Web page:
Coping Skills

Do You Have a Rule About That?

Part of psychological health is being able to respond flexibly, in context. It means you can do what is needed in the moment. For example, what life calls for when you are at work is different than  your best responses when you are home or on vacation. That's an easy distinction. But if you're a rule follower you may sometimes find that you are sticking to routines and rules when it doesn't fit the context or serve you well.


Go for a Walk

Sometimes the simple things, activities that have been part of people's lives for many years, are also the most important. It's like choosing to eat dessert last, you know? I can remember as a child thinking that when I grew up I would eat dessert all the time. For a while I did eat dessert frequently and chose it instead of veggies and whole grains. Ice cream, chocolate pie, and cheesecake all sounded so much more...


Never Let Them See You Sweat? Rethinking an Old Concept

Among the people you know, who would you say shows all his emotions on his face? You know exactly what he's thinking, how he feels about what you just suggested and whether he agrees with you. He smiles, laughs, frowns, looks skeptical, roll his eyes and more. He shares his thoughts too. He tells you when he disagrees with you, when you hurt his feelings, and when he thinks you've being ridiculous.  His facial expressions and body language match what he feels and thinks.

Now who among the people you know is the opposite? Who covers up her feelings, hides her reactions, and doesn't show her emotions?  She may give her opinion freely (or always nod and seem to agree) but you really can't get a sense of how she feels.


Defensive Attribution: Getting in Your Own Way

Perceptual bias is an experience that we all have.  It means that we are biased against or for something based on what we see, touch, smell, taste or hear.  It's the lens that we automatically filter all our experiences through. Rarely do we see just the facts. Our beliefs, history and fears influence the way we see the world.

One common bias is called Defensive Attribution Bias.  This means that we tend to attribute a cause to events....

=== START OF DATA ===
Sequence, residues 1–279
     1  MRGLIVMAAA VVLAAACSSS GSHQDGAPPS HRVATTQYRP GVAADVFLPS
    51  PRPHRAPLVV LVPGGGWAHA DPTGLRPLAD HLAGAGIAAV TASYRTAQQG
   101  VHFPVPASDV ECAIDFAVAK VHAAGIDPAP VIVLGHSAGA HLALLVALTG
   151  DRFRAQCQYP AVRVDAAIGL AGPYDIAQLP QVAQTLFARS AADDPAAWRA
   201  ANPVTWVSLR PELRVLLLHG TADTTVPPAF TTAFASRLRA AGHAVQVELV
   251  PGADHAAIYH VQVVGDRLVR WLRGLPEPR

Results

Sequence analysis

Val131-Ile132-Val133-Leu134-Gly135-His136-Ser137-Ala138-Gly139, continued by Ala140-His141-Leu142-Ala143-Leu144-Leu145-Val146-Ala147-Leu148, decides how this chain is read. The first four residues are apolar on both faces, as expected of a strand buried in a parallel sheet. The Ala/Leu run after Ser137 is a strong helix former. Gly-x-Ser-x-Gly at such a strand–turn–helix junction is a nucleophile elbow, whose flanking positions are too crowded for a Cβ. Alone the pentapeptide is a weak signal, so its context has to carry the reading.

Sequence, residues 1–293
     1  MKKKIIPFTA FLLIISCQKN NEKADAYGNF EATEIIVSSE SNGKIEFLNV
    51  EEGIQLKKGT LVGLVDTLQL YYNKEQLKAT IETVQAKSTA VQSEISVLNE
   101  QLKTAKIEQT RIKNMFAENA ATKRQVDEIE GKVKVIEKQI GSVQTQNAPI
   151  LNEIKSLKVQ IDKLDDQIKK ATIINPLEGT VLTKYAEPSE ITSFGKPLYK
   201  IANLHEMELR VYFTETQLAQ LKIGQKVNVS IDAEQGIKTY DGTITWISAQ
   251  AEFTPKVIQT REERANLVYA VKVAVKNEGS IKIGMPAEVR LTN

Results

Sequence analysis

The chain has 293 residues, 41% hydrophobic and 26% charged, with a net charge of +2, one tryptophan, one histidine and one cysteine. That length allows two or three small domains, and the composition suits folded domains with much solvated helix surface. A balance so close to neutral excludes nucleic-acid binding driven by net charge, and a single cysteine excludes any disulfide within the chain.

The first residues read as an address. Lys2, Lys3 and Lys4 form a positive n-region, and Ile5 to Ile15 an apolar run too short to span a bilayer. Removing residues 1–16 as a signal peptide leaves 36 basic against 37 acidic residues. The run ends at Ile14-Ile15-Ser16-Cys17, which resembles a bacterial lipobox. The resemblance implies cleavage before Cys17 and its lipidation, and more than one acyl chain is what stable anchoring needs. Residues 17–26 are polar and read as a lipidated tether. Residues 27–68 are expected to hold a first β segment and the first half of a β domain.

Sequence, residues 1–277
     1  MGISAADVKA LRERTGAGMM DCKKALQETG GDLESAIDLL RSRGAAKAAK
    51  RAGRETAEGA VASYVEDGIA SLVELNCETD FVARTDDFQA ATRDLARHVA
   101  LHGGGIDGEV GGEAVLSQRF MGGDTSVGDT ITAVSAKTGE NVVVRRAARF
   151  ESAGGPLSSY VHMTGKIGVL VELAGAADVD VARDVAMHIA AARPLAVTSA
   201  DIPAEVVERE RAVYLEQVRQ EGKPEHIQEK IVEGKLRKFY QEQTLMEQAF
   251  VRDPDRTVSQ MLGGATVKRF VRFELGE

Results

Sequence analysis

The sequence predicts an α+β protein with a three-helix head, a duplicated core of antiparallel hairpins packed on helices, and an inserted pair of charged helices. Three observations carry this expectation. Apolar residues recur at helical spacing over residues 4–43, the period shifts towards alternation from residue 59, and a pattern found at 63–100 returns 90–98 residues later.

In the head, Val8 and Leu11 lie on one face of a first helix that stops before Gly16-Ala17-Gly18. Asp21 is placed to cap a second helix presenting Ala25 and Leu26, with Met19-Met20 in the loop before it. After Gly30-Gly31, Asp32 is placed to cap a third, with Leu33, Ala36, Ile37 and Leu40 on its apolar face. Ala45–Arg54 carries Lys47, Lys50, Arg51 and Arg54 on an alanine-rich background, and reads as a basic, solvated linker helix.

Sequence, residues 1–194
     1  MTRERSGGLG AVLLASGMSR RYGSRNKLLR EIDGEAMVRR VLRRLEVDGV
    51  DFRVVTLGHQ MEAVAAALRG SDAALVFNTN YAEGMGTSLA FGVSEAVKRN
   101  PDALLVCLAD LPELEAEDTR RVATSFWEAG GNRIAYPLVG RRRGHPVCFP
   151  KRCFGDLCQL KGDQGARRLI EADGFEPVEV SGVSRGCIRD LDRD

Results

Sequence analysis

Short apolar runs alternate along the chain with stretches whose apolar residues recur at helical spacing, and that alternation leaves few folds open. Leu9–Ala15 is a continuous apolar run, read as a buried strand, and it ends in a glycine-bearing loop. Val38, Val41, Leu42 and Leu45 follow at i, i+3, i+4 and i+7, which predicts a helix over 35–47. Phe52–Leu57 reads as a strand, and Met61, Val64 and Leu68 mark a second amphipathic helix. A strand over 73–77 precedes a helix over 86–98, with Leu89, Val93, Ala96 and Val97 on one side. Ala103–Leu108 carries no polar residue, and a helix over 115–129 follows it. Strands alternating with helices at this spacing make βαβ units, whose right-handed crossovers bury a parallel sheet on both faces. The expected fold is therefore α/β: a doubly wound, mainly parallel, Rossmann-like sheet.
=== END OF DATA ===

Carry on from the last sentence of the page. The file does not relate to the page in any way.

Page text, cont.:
Overly Serious Coping

Are you a serious person?  Do you have overly-serious coping?  What does that even mean? A dictionary definition of serious is showing deep thought, not joking, or a situation that requires careful thought. An example of serious is wearing a full suit to a casual dinner; serious attire. An example of serious is a person who doesn't smile or laugh easily; serious person.

Of course there's a time to be serious. But there are also times to be playful and teasing. It's all about context and being flexible. Being overly-serious is like the person who wears a shirt and tie to the backyard barbecue. Sometimes it can make others uncomfortable and the research shows that being able to play and laugh is important for relationships and for coping well.

Emotion Skills

When Envy Erupts

The definition of envy is a feeling of discontented or resentful longing aroused by someone else's possessions, qualities, or luck. To put it more personally, you really resent the heck out of someone else because you want what they have.

Coping Skills

Perfectionist? Impossible!

Perfectionism is defined by the Merriam Webster dictionary as "a disposition to regard anything short of perfection as unacceptable especially : the setting of unrealistically demanding goals accompanied by a disposition to regard failure to achieve them as unacceptable and a sign of personal worthlessness.  Me, a perfectionist?  No way. I don't even come close.

Emotionally Sensitive Person

Over-Apologizing and Your Self Confidence

Are you the type of person who apologizes multiple times a day or even before your second cup of coffee?

Do you apologize to a chair if you bump into it (I've done that!) or apologize for winning a race or getting a promotion? Do you apologize because you bought the last copy of a book someone else wanted or because someone bumped into you (Excuse me for being in the way of your mad dash to get to the coffee)?


Mindfulness: Describe

In Dialectical Behavior Therapy (DBT), Mindfulness has both How Skills and What Skills. The What Skills are what you do to be mindful and the How Skills are how you do the What Skills.

One of the DBT What Skills is Describe. When you describe mindfully, you apply accurate words to events actions of others. This means that you learn to not take thoughts and emotions as necessarily being accurate. You can have many thoughts and interpretations that turn out to not be accurate at all. For example, when you feel afraid, that doesn't necessarily mean that there is a life-threatening situation happening. It doesn't necessarily mean that anything threatening is happening. Just because you feel afraid doesn't mean that you are in danger.

Coping Skills

The Problem of Comparing Yourself to Others

Amy's just got a promotion, Jill is going to Europe for a month, and Larry just lost 20 pounds and looks so fit he could be a trainer.

When you look at what is happening in the lives of your friends, do you congratulate them and feel happy for them? Or do you use their good news to feel bad about yourself? Social comparisons are a sure way for many emotionally sensitive people to judge themselves negatively and be in a funk.